2019-02-18 23:52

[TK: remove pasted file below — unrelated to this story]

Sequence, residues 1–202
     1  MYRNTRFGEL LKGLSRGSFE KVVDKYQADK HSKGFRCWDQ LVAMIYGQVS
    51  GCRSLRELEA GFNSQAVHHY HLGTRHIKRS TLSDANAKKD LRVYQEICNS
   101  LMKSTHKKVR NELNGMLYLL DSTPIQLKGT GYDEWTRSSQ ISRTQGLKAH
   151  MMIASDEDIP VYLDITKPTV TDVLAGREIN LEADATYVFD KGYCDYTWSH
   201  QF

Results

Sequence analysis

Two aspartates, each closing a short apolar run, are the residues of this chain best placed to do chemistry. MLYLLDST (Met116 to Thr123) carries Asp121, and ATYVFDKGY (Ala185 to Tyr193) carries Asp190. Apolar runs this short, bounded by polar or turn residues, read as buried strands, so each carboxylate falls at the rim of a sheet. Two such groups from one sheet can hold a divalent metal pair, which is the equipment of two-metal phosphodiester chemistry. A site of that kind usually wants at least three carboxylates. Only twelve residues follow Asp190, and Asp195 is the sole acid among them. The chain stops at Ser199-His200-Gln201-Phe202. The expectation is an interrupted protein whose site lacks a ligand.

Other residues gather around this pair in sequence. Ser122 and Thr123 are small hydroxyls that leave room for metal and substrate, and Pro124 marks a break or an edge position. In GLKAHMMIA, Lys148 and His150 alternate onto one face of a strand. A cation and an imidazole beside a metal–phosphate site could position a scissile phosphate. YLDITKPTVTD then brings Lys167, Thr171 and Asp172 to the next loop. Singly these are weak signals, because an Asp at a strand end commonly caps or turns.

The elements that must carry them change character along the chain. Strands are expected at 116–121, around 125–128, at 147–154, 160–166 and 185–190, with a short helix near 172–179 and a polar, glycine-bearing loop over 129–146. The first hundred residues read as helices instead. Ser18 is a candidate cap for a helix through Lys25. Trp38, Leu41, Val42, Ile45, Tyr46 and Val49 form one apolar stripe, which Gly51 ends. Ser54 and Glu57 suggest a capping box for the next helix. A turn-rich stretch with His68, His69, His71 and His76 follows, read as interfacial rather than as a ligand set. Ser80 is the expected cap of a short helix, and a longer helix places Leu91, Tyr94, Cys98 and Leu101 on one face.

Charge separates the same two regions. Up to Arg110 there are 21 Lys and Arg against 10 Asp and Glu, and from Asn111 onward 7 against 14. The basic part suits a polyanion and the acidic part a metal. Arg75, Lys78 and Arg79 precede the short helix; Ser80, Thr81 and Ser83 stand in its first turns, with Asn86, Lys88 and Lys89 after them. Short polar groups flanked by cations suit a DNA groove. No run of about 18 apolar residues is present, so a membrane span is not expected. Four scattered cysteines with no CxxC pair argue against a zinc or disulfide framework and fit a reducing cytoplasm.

Gaul argued that college football is hugely profitable for a few elite football schools in premier conferences, but leaves much to be desired for fans, smaller schools, football schools outside of elite conferences, players’ education, and collegiate educational priorities in general. A huge support system goes into maintaining big football programs, from arms race in coaching salaries to funding women’s rowing to meet Title IX requirements to tutors and walkers to make sure football players meet grade requirements. Big elite football schools focus on their football programs, which pays for other sports but offers less of them total. Places like Texas, Auburn, Alabama, Georgia, Florida, Notre Dame, LSU, and Penn State operate with different rules for the football program than the rest of the universities.The book breaks down issues into separate chapters. Chapter one analyses the “Guilded Age” of College Football, with the top programs at the top spending every dime they make on football programs, such at Texas who’s athletic department is “we eat what we kill”, meaning everything goes back to football. Chapter two looks at how football programs are considered charities, meaning they can strong arm customers into “donating” to keep their seats for tax writeoffs, as well as give perks to those who donate more. Chapter three details how football head coaches are often the highest paid public employee of a university and that their salaries keep spiking in order to keep up with elite football universities. Chapter four demonstrates the vast support network for football players, including tutors to boost grades, walkers to make sure students get to class, and rule bending for football players, and in some extreme cases, no show classes for football players. Chapter five moves into the Southern domination of college football, noting how much of an institution places like Alabama or Texas are. Accordingly, the football programs are aggressive about protecting their logos and colors, to the point of threatening and sometimes actually suing small businesses who use them. Chapter six shows the boom of women’s rowing programs over the last ten years, in places that don’t seem like natural rowing power houses, but is important to meet Title IX of having equalish number of women’s athletics to men’s. Finally, chapter seven illustrates that university presidents realize the extent of the runaway problem of collegiate athletics unbalancing educational priorities yet do little to stop or reform it.Key Themes and Concepts-The main problem is that athletic programs have been allowed to operate as independent semiautonomous to larger universities, meaning elite football programs spend to their hearts content and are hugely profitable, but it also means the vast majority of football programs have to be subsidized in order to keep up with the top 10.